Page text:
The next frontier in Oak Park's half-century fight to promote and maintain racial integration throughout the village.
Multiple new high-rise luxury developments that have started to go up in town loomed over a July 19 panel discussion on integration, moderated by media veteran and Oak Park resident Charlie Meyerson, at the Oak Park Public Library.
Many panelists and audience members said the village has become less vigilant about guarding against racial re-segregation than it had been in the past, right when costly housing may pose a stubborn obstacle to many low-income, minority families as well as middle-class families and young professionals seeking to move into, or continue living in, Oak Park.
The concerns have prompted the Oak Park Regional Housing Center, which hosted the discussion, to start soliciting public input in order to build a coalition dedicated to realizing "a more inclusive, equitable, and vibrant community," according to a handout circulated by the organization during last Thursday's discussion.
Rob Breymaier, the Housing Center's executive director who was on the three-person panel, said the village needs to be more deliberate about preventing racial and economic segregation in parts of Oak Park.
"A lot of us have never lived in an Oak Park that wasn't diverse or integrated, and we probably think that maybe it's just natural or that's just how it works, but it's not just natural," he said. "It takes a lot of work."
Breymaier, along with co-panelists Linda Francis, the director of Success of All Youth, and Maria Saldana, the executive director of the Oak Park Residence Corporation (RESCO), said that the new luxury developments could risk pricing minorities and low-income families out of the village.
"One of the things we haven't really talked about a lot is how we integrate across economic levels and that's a really important part of having a vibrant community," Francis said. "When you think about who can afford those rents, you're not only looking at a limited group of people in terms of race, but also in terms of profession and a wide array of perspectives."
Cheree Moore, a married African-American mother of three, said she's worried that she may be priced out of the place she's long called home. The Oak Park and River Forest High School graduate and member of the village's Community Relations Commission said her household income is too high to qualify for low-income housing subsidies, but not high enough to buy a house in the village.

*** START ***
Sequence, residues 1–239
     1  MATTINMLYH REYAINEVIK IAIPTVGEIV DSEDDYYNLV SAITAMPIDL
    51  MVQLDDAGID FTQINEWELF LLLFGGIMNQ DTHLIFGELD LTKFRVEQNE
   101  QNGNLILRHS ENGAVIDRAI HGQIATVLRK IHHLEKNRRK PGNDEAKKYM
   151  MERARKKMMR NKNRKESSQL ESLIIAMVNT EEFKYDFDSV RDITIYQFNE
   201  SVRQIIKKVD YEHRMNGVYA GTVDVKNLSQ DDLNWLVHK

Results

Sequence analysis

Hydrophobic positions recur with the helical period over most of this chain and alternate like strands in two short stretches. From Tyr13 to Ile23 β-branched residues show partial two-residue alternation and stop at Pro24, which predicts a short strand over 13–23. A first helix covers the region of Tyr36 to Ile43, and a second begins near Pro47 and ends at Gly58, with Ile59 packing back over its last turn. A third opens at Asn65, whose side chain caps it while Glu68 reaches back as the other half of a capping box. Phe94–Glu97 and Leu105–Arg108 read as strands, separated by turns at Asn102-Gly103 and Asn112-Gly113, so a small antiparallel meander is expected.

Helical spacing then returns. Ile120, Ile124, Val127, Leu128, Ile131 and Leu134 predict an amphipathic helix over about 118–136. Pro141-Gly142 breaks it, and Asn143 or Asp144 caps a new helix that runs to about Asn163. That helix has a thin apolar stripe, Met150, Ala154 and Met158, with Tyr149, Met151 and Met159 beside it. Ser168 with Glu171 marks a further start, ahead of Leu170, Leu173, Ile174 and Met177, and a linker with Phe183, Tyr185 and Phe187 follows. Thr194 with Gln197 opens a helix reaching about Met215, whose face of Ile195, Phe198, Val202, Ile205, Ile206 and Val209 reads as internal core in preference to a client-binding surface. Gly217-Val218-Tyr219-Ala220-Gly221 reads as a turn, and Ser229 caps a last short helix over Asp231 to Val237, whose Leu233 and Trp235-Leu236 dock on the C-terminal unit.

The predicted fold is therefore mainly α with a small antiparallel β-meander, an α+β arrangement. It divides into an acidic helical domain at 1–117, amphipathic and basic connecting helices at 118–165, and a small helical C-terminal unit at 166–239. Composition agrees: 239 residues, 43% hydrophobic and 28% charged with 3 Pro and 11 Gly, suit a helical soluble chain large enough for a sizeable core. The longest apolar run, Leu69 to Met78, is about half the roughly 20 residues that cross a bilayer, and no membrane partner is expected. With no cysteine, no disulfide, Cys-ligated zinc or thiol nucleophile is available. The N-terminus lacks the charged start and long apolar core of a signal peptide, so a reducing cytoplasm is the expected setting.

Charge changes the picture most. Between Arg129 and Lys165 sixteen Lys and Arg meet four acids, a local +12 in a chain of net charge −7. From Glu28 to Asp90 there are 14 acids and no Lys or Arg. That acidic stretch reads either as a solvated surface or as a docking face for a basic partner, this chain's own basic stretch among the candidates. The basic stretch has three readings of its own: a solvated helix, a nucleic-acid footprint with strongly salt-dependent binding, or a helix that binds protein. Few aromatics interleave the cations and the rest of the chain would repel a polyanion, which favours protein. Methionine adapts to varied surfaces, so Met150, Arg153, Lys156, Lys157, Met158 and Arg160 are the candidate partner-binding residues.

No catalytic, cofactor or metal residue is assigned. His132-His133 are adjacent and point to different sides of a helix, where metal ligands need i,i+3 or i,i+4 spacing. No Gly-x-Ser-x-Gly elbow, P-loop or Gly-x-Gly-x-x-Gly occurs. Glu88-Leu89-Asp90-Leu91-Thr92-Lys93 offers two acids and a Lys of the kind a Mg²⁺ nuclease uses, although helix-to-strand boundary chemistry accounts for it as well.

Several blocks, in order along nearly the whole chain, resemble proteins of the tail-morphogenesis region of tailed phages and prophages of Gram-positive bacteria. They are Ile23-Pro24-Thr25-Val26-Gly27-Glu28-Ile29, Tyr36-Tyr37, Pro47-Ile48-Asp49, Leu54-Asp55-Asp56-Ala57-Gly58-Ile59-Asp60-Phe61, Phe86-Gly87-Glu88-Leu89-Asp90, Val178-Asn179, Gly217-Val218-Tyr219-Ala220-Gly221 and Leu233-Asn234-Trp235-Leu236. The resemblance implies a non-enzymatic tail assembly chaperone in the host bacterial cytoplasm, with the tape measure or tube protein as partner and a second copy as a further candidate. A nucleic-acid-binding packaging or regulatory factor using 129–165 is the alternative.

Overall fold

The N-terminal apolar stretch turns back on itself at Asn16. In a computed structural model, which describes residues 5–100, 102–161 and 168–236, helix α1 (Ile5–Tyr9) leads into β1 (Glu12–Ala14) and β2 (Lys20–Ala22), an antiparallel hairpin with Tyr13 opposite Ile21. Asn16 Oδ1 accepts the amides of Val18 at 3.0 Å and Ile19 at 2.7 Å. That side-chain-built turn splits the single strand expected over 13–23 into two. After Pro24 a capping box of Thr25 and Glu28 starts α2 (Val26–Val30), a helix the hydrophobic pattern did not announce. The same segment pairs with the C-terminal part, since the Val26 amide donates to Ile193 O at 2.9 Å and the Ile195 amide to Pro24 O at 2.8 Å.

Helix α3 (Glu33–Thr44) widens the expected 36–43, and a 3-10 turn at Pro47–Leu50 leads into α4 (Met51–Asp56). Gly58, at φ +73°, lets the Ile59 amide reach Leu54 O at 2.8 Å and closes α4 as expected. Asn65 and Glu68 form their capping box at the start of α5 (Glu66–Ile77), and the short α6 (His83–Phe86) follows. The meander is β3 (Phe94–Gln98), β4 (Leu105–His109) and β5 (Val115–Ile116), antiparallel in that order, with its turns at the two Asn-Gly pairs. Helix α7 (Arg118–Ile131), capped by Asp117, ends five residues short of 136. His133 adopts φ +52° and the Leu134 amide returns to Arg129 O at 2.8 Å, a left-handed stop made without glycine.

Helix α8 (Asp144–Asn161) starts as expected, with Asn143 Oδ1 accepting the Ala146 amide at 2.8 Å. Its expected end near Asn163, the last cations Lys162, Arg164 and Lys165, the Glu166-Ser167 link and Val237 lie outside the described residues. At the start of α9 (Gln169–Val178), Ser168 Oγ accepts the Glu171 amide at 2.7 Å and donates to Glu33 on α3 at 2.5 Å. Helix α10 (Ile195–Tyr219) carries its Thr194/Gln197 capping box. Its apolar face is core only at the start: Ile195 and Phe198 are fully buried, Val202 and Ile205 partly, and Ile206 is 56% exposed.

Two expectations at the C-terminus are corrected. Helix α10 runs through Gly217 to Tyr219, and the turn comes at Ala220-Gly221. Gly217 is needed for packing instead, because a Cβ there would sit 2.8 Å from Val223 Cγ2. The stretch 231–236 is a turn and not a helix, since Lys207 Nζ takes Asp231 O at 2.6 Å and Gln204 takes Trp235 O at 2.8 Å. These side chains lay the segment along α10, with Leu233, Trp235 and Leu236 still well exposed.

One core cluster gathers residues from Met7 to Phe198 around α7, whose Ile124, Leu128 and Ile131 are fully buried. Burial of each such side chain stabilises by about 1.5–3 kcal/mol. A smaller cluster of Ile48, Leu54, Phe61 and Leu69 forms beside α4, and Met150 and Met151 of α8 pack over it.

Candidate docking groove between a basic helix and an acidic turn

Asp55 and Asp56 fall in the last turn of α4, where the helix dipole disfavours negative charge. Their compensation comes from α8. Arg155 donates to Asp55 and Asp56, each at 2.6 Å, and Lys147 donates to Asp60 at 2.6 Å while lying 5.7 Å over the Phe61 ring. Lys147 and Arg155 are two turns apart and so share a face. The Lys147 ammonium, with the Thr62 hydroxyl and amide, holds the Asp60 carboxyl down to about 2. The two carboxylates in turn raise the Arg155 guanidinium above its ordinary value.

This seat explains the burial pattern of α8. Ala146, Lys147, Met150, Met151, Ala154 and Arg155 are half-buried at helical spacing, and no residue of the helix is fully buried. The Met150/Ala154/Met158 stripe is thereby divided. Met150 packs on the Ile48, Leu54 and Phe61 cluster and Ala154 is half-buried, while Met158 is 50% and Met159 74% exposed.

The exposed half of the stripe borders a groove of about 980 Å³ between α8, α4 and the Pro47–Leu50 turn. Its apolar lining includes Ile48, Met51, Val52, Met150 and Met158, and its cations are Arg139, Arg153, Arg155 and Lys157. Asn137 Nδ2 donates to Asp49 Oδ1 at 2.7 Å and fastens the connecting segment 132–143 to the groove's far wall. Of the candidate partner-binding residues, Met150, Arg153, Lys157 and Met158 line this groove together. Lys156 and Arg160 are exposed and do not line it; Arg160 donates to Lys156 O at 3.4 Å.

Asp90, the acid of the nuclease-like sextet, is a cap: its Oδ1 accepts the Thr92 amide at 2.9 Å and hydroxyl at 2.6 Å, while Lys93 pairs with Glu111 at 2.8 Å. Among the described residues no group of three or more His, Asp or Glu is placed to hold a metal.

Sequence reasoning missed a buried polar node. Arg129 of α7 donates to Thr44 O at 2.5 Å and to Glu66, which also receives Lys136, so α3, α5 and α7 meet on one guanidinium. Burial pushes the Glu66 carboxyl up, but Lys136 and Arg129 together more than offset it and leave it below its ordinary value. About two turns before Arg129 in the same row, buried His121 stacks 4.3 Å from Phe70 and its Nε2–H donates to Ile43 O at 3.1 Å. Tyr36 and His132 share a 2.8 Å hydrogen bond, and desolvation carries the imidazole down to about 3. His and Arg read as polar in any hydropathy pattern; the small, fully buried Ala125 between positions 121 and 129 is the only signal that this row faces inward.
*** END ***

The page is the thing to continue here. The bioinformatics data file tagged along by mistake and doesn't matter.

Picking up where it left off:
"What is the village going to do for the young professionals," said Moore, 33. "We're going to be the people who will be [members of] the next boards, who will be running for office, who will be the next educators in this community and we can't afford to live here. I recently graduated with a master's in public administration, but unfortunately I'm not going to be able to stay in Oak Park to use it."
Saldana, whose agency manages multiple affordable and integrated residential buildings across Oak Park, said that the village also needs to consider an affordable housing plan that includes middle-income families.
Saldana said she was concerned that the towers — which include a mixed-use property at Harlem Avenue and South Boulevard, luxury condominiums at Lake Street and Euclid Avenue and a 271-unit residential high-rise at Lake Street and Forest Avenue — won't attract many minorities.
Starting rent for a studio apartment at Vantage Oak Park, the Lake and Forest development, is $1,527 a month.
Breymaier said the Housing Center, which aggressively markets residences in Oak Park in order to facilitate diversity and integration, has a partnership with the Vantage development to list those properties, but that more needs to be done.
"This is an example of where a more comprehensive strategy might be helpful," he said.
Eric Davis, an Oak Park Housing Authority commissioner, said that his agency is in the process of developing an affordable-housing policy for new developments in the village "so that developers have predictability and can understand what the community expects when they come and work here."
Many residents who spoke during the meeting's public comments portion expressed numerous frustrations with the village's current integration efforts. They mentioned the village no longer requires owners of rental buildings with six or fewer units to report the racial profile of their renter population and the village's current comprehensive plan as points of concern.
Breymaier, however, said that U.S. Census data, which now comes out annually instead of every 10 years, provides virtually the same information.
Daniel Lauber, a former village planner for Oak Park and the principal author of the village's 1979 comprehensive plan, said he would've preferred the village require that at least 15 percent of the high-rise units be affordable to households of modest incomes.
"Instead they're building high-rises where it'll cost $3,000 for an apartment, it's obscene," he said. "You might as well own if you're going to spend that much money."
Answer Book 2018
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